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Beartrap Canyon Wilderness

General Contacts Area Management Wilderness Laws

Introduction

The United States Congress designated the Beartrap Canyon Wilderness (map) in 2009 and it now has a total of 40 acres. All of this wilderness is located in Utah and is managed by the Bureau of Land Management. The Beartrap Canyon Wilderness is bordered by the Zion Wilderness to the west.

Description

Beartrap Canyon Wilderness is small: 40 acres, but shares a common boundary with designated wilderness in the Kolob Canyons portion of Zion National Park. Largely a rugged, steeply sloped area, this Wilderness contains the headwater areas for many tributaries that flow through Bear Trap Canyon on Kolob Terrace. A very short segment of stream in Bear Trap Canyon, is designated as “wild” in the National Wild and Scenic River System.

Beartrap Wilderness is an isolated parcel of land managed by the BLM. While its western boundary is contiguous with Zion National Park, its northern, southern, and eastern boundary borders private land. The terrain within its 40 acres consists of a sandstone finger of a mesa and the upper reach of the Beartrap Canyon. At a top elevation of 7,500 feet, both the mesa top and canyon bottom sustains Utah juniper and ponderosa and pinyon pine trees.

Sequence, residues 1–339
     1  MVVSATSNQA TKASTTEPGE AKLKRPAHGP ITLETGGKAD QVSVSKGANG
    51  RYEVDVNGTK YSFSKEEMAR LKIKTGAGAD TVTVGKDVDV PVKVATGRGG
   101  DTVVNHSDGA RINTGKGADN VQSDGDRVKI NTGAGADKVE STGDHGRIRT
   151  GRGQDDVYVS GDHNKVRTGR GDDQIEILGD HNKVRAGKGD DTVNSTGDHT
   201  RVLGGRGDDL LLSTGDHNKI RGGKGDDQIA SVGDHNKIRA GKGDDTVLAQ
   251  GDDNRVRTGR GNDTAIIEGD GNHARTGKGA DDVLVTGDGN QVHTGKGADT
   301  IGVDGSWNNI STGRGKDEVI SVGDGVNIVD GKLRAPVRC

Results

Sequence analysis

Despite its small size, but because of its proximity to adjacent wilderness and other relatively undisturbed lands, a wide variety of wildlife lives here. Hawks, falcons, and eagles soar above the canyons, while ringtailed cats, mountain lion, and black bear hunt in the uplands and along the canyon bottoms. The dissected remote canyons also offer suitable nesting habitat for the Mexican spotted owl, a threatened species.

Planning to Visit the Beartrap Canyon Wilderness?

Leave No Trace

How to follow the seven standard Leave No Trace principles differs in different parts of the country (desert vs. Rocky Mountains). Click on any of the principles listed below to learn more about how they apply in the Beartrap Canyon Wilderness.
  1. Plan Ahead and Prepare
  2. Travel and Camp on Durable Surfaces
  3. Dispose of Waste Properly
  4. Leave What You Find
  5. Minimize Campfire Impacts
  6. Respect Wildlife
  7. Be Considerate of Other Visitors
For more information on Leave No Trace, Visit the Leave No Trace, Inc. website.



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